Be Here Now

I'm a child of the '60s, but only in the literal sense. I was born in 1962, so while I was alive during much of the excitement of that decade, I spent much of the decade playing "cowboys and Indians" and other non-politically correct games of the era. But I grew up in Southern California, and the vibe of the '60s lasted well into the '70s there. Further, I had a fair number of friends who had older brothers, some of whom I met only occasionally, but who were very much part of the hippie counterculture.

I remember one of these brothers-of-a-friend quite clearly. When I was 10 years old, he showed me a book called Be Here Now. Even then, I wanted to be a writer and this book really struck me as I paged through it. First, the book was square--books weren't supposed to be square unless they were picture books for babies. This book was for adults. At least I thought so. But it wasn't typeset like a normal book--it looked more like a poison pen letter; you know, like a ransom note with the text cut from newspaper headlines to make new words. There were drawings, but not drawings relegated to nice little boxes on the page. The drawings and the text were jumbled together.

It wasn't until I was 18 though that I actually read the book. I found a copy at my college library and read it. The New York Times called the book a "counterculture bible." And it was as common in the 1970s to see copies of that book around as it is today for programmers to have the Gang of Four patterns book.

I can't say the book's contents had any influence on me. It's a guide to Hinduism for Westerners who wish to become yogis. Not my thing. But the title of that book has always resonated with me: Be Here Now.

I think the ability to be here now is something too many of us are losing. We can't just be in the moment and in the place. Everyone has to be constantly on their cell phones, or checking email or Facebook on their laptops while supposedly making progress on something else. (I will admit to having paused once while writing this to investigate the bonk of a new email arriving. But I've so far withheld the temptation to look a second time.)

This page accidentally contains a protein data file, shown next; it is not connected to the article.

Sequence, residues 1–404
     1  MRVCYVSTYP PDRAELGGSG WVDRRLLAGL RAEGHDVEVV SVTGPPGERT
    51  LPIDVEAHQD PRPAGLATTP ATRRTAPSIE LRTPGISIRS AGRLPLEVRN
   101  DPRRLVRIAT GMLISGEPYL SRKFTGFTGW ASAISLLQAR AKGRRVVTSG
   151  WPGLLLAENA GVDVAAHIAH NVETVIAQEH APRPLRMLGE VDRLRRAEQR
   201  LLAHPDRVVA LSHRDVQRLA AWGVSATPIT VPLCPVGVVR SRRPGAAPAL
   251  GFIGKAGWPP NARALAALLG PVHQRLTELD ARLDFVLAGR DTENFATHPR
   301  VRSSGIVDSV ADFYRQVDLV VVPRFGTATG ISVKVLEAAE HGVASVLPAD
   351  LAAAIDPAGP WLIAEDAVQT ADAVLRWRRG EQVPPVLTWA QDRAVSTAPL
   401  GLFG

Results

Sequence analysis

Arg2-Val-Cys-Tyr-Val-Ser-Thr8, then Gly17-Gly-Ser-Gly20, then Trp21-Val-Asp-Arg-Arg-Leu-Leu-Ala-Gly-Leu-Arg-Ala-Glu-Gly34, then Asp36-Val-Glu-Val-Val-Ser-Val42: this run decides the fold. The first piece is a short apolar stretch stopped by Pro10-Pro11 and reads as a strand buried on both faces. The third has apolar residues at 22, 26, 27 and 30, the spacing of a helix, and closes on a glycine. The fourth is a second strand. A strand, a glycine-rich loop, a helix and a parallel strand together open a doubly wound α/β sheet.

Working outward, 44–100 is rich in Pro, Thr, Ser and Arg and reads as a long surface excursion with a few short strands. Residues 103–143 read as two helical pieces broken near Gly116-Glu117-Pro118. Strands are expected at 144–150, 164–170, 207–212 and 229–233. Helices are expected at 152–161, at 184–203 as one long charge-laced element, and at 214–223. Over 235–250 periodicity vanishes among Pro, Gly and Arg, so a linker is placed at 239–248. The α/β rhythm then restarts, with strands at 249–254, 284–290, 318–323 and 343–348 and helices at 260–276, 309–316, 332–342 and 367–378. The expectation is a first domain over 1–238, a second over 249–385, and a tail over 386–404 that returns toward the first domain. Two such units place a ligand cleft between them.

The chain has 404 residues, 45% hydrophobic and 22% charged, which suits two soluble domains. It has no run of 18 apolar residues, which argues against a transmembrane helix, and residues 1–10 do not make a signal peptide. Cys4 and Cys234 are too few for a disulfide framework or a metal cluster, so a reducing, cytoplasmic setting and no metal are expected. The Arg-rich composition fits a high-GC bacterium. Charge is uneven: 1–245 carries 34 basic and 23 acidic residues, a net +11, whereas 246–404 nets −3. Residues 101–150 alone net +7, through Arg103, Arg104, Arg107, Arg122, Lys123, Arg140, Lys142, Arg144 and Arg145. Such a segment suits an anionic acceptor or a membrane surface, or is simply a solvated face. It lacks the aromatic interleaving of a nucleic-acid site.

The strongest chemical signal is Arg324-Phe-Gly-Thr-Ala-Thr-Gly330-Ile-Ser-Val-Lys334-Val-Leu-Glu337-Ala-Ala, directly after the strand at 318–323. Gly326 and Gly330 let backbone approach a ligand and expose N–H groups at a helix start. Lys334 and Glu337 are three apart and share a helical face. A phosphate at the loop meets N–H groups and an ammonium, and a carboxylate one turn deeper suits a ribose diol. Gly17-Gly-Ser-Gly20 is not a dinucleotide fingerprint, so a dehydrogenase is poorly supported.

I witness the inability to be here now while training or doing consulting. I remember a particular client a couple of years ago where I was teaching a Certified ScrumMaster class. The boss had warned me that people there were busy so they'd have their laptops with them if needed. I spent much of the first day unable to make eye contact with a single person in the room. Not one person was truly in that room.

I really worry about this. I have daughters who are 14 and 18, and I often think about the work world they'll be entering. My wife and I have tried to instill in them the hippie mindset to be here now. Will others in their future companies share that? What will the short attention spans we are cultivating do to innovation? To productivity? To collaboration?

In the true spirit of the '60s, I'm going to leave this philosophical rather than trying to identify three steps agile teams can do to overcome short attention spans. I want to be no more practical than to ask each of you to be here now a bit more often, a bit longer, and a bit more intensely each day.

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Mike Cohn

About the Author

Mike Cohn specializes in helping companies adopt and improve their use of agile processes and techniques to build extremely high-performance teams. He is the author of User Stories Applied for Agile Software Development, Agile Estimating and Planning, and Succeeding with Agile as well as the Better User Stories video course. Mike is a founding member of the Agile Alliance and Scrum Alliance and can be reached at If you want to succeed with agile, you can also have Mike email you a short tip each week.

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